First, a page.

Each Christmas for the past 20 years, my husband has given me a gift from Victoria’s Secret. Typically, it’s an assortment of practical underclothes, plus something a little sexy. I always look forward to this gift. To me, it affirms that in his eyes, I’ve still got it.
That’s why I was surprised, and a little dismayed, when this year instead of a lacy bra or negligee, I pulled a pair of flannel pajamas out of the VS bag.
“Is this what it’s come to?” I asked my husband.
“I thought they were kinda cute,” he said.
He meant it. He was truly tickled that the pajamas had tiny champagne glasses scattered all over them.
I thanked him, but inwardly I was concerned. It seemed we were crossing a new threshold in our marriage, one in which comfort and coziness and cuteness was superseding passion. I envisioned hot nights ahead in our bedroom; as in me sweating under the covers in my flannel pajamas while he snored beside me.
If only this were the worst of the story.
The next day, while balancing our checkbook, I saw the carbon copy of the check he used to pay for the flannels. Written on the memo line was Mom.
Mom! This was how he thought of me?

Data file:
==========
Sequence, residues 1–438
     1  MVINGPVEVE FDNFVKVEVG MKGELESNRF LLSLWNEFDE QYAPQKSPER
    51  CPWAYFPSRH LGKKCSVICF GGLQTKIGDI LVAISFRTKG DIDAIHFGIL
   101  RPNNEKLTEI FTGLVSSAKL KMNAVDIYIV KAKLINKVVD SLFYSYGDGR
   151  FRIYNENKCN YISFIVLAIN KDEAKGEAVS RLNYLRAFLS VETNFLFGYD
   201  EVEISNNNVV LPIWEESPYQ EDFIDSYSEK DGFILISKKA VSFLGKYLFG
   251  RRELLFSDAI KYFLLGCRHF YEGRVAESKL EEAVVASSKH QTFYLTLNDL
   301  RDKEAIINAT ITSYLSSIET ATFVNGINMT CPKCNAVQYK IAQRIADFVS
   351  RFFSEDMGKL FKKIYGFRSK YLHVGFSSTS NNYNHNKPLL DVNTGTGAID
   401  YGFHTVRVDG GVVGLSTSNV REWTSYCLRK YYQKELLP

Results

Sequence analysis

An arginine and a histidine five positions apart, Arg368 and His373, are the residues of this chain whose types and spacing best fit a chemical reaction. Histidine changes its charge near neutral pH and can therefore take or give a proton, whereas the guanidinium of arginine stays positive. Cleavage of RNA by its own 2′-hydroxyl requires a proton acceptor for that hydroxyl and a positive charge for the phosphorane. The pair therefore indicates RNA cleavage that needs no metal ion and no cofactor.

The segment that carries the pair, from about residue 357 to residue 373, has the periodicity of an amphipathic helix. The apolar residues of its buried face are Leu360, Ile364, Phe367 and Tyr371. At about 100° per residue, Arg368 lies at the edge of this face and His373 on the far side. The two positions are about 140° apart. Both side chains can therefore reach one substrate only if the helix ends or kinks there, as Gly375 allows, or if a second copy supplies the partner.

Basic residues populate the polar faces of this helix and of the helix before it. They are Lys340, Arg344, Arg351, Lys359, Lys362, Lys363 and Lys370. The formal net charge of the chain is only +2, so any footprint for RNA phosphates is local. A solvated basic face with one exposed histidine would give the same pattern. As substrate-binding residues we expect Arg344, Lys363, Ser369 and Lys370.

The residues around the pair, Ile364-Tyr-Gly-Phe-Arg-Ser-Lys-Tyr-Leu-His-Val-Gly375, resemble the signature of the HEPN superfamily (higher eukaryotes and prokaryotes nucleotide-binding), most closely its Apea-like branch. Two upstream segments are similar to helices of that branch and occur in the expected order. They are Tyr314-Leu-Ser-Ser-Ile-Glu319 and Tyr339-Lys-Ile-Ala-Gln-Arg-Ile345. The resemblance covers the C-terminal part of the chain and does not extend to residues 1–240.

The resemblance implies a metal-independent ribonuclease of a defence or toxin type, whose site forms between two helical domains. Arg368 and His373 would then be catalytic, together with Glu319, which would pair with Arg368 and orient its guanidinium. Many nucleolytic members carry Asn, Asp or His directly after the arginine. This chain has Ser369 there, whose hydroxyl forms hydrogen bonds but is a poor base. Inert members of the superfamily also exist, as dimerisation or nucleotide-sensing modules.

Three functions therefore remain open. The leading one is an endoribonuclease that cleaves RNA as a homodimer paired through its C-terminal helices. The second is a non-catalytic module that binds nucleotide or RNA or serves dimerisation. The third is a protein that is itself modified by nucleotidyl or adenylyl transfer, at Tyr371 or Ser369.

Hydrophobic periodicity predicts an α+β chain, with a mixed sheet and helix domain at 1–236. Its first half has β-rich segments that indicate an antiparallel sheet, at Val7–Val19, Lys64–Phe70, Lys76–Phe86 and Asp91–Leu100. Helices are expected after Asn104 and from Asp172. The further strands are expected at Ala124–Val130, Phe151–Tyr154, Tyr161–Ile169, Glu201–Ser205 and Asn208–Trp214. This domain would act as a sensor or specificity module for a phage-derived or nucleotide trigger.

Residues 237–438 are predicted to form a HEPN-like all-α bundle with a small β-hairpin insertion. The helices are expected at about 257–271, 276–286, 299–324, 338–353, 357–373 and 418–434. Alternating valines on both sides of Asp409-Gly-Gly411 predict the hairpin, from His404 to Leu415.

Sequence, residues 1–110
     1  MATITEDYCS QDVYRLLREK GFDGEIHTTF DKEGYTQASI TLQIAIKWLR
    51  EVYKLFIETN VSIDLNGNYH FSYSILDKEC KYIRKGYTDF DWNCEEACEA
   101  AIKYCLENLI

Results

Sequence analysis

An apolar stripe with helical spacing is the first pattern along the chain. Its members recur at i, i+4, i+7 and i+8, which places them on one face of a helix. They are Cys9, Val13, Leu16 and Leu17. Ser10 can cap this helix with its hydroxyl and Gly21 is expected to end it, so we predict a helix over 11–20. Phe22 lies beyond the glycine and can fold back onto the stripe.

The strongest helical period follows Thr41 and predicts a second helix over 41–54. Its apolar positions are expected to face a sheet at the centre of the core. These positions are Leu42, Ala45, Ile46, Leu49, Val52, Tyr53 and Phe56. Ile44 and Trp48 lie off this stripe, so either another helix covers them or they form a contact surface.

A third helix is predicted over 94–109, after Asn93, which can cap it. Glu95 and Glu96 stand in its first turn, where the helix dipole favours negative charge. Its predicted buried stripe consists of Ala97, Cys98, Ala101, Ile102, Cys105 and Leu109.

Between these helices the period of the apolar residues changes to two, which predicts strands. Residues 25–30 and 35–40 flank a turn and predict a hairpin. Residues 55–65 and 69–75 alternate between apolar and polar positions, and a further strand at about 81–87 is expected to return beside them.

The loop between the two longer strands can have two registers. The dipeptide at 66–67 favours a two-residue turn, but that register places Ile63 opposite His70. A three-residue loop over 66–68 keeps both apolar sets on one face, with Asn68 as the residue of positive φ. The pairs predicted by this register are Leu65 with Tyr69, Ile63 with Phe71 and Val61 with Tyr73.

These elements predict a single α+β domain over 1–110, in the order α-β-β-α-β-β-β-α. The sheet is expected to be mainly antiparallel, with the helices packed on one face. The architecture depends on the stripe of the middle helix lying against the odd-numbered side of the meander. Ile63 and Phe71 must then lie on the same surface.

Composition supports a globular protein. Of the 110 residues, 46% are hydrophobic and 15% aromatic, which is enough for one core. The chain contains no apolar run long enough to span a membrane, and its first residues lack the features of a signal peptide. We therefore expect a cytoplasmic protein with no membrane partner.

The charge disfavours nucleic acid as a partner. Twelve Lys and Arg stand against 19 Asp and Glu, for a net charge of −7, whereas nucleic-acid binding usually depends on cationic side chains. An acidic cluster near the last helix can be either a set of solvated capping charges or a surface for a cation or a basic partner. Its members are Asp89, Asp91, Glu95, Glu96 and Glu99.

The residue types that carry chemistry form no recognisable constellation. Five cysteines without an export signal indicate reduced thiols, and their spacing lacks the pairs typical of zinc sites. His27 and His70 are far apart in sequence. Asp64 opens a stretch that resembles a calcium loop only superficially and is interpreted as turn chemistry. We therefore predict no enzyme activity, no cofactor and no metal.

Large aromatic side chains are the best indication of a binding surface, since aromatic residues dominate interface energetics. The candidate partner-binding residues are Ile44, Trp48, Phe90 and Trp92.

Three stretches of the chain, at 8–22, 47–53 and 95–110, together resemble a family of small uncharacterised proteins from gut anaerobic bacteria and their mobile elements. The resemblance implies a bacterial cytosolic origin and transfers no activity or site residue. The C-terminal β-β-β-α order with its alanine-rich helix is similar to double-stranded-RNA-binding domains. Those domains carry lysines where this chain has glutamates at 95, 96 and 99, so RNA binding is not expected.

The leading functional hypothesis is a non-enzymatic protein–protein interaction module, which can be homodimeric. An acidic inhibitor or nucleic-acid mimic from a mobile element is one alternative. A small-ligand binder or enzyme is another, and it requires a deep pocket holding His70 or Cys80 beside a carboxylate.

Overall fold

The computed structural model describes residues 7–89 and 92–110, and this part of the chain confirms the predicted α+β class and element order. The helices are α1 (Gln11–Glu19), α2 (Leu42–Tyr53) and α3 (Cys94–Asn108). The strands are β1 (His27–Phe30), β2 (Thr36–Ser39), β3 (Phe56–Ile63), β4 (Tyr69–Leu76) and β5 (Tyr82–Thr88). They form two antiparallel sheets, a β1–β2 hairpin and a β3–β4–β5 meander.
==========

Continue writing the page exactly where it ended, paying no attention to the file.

For a moment, I considered that maybe he’d intended to buy the pajamas for his mother, but decided at the last minute to give them to me. She and I were roughly the same size. Then I remembered he’d also gotten me the usual practical items, so the “mom” in the memo had to be me.
I reasoned that perhaps because he’d been shopping with our teenaged son that day, he was too embarrassed to buy something racy. That could also explain why he was thinking of me as “mom”.
That night, emboldened by a glass of wine, I asked, “Did you mean to buy the pajamas you gave me for your mother?”
He looked confused. I explained about the memo.
“No,” he said. “It was crazy in the store that day. I don’t even remember writing that.”
This I could accept. Once I had referred to him as “daddy” to my mother instead of by his name. Probably it was because I was so used to referring to him as “daddy” to the kids. At the time, I was horrified by the slip. Now I’m glad for it because it’s helping me understand the memo.
But there was still the matter of the flannels.
“I wanted you to be warm,” he said. “You’re always complaining how cold you are.”
Not wanting to sound like a complete ingrate, I didn’t point out that I’ve been complaining about being cold in winter for 20 years, yet only now is he buying me flannels. Perhaps he was growing more thoughtful with age. That or he’s tired of me cranking up the heat at night.
I found a quote that’s helping me see this episode in a more positive light:
“The most romantic story isn’t Romeo and Juliet who died together, but Grandma and Grandpa who grew old together.” ~Unknown
Probably it was a man who came up with this quote. Some Nicholas Sparks type who buys his wife flannel pajamas for Christmas.